As the defendant was walking up Congress Avenue, Hawley took what the defendant had given him and held it between his thumb and forefinger. At that time, what the defendant had given Hawley appeared to DeGrand to be glassine bags or envelopes. Hawley then held the glassine bags up so that DeGrand could plainly see what they were. While moving towards the side door of the vehicle, Hawley showed DeGrand the objects and then closed his hand for a few seconds. He opened the door, dropped the glassine envelopes or bags inside the vehicle and closed the door. DeGrand saw Hawley's hand while he was approaching the vehicle door, but probably did not see his hand for a split second when the door was being opened. Thereafter, Officer Hawley entered the vehicle by the driver's side and drove it to Orange Street and Pitkin Alley in New Haven, where DeGrand got out and took the bags to his office at the intelligence division of the detective bureau.
There was evidence from which the jury could have found that DeGrand placed the bags in an envelope with the defendant's name on the envelope and locked it in a safe. The next day DeGrand took the envelope with its contents to the state toxicological laboratory, where Abraham Stolman, chief toxicologist for the state, subsequently analyzed the contents of the six glassine bags and found that four of the six bags contained heroin.
The defendant in his brief takes the position that DeGrand may have lost sight of Hawley's hand when watching the defendant walk down Congress Avenue or for the fraction of a second when moving backwards in the vehicle as Hawley opened the door. He maintains that Hawley, thus, had "numerous opportunities to retain what was passed to him, if it was not glassine bags, and then show glassine bags to DeGrand as if he had received them from the defendant, finally throwing them in the vehicle." The defendant further argues that Hawley was the only person who could say what was handed to him, and his death "deprived . . . [the defendant] of the right of critical cross-examination." The validity of this claim can only be decided by deterring whether the presence of Hawley as a witness was a necessary prerequisite to the conviction of the defendant.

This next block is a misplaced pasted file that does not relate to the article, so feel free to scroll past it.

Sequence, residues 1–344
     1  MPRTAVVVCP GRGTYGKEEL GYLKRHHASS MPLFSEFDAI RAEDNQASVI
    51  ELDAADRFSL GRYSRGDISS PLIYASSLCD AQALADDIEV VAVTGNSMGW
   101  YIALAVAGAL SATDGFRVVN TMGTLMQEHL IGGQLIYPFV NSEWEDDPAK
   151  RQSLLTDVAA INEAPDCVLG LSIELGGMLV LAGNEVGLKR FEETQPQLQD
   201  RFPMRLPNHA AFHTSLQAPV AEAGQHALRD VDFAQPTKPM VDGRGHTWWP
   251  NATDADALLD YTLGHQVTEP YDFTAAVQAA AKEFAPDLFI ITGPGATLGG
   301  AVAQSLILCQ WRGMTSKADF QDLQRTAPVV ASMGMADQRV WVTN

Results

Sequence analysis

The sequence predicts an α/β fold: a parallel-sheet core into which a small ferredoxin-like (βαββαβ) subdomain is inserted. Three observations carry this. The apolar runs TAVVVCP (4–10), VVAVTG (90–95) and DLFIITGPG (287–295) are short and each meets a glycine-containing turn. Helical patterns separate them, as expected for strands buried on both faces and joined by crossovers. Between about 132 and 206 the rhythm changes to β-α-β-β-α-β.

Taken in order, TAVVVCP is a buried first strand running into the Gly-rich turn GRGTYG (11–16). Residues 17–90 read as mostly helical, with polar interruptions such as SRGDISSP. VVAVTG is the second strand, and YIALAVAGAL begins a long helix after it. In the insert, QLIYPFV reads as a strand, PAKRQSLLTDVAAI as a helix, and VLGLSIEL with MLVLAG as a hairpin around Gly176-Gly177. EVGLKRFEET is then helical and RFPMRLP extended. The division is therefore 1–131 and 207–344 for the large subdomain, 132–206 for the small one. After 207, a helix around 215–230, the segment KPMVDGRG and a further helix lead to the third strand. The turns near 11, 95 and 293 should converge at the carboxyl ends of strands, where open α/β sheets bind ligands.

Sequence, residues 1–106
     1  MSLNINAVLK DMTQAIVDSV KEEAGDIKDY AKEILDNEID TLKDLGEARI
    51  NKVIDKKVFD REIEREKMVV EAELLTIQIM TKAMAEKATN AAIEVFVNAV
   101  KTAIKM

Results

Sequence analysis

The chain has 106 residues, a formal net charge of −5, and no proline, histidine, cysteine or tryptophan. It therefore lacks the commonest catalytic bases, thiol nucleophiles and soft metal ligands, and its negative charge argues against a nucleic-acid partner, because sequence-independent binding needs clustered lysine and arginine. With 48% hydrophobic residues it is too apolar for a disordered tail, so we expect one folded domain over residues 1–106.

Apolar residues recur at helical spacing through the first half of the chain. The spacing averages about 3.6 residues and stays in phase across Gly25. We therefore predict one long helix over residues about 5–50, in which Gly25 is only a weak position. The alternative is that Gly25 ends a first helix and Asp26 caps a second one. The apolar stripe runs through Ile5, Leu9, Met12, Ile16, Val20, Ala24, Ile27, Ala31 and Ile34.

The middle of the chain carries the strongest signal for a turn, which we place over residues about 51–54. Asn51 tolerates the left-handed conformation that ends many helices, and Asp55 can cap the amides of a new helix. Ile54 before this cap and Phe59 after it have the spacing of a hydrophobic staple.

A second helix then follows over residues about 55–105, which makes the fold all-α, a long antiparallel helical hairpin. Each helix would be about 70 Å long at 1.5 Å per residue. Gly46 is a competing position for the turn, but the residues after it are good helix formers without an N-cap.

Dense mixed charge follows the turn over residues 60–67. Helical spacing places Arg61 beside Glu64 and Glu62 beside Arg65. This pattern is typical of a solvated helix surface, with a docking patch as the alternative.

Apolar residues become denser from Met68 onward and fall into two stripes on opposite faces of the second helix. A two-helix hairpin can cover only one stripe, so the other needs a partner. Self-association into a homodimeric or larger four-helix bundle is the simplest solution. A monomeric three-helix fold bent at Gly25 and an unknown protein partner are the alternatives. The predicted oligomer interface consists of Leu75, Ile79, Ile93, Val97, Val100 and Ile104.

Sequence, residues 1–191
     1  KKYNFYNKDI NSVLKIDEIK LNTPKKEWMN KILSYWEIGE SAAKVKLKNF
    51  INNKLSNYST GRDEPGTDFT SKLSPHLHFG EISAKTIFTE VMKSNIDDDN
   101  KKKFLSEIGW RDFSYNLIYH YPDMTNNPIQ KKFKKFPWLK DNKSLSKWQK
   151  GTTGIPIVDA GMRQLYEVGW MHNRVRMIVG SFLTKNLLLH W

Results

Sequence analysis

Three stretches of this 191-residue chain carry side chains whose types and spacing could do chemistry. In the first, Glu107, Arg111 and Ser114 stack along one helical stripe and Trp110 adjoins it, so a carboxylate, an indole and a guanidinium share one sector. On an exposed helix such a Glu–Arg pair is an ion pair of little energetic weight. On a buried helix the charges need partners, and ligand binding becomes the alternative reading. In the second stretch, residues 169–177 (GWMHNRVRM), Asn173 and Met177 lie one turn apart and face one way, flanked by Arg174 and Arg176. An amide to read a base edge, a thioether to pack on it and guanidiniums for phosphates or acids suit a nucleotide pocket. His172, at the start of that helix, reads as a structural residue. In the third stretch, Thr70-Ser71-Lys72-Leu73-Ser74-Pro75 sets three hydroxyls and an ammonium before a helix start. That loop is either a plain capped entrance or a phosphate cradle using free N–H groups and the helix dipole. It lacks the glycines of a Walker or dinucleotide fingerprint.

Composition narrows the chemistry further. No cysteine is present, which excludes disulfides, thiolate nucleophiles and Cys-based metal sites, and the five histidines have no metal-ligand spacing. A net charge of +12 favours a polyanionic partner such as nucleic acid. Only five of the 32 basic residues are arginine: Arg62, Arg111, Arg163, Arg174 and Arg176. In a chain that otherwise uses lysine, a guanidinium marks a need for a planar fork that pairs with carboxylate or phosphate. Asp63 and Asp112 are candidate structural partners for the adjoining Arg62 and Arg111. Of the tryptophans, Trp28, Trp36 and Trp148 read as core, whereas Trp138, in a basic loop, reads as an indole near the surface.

"As has been said so often, proof beyond a reasonable doubt is such proof as precludes every reasonable hypothesis except that which it tends to support and is consistent with the defendant's guilt and inconsistent with any other rational conclusion. The requirement that evidence must be such as satisfies beyond a reasonable doubt `does not mean that the proof must be beyond a possible doubt, and a possible supposition of innocence is a far different thing from a reasonable hypothesis.'" State v. Smith, 138 Conn. 196, 200, 82 A.2d 816; State v. Hall, 165 Conn. 599, 603, 345 A.2d 17.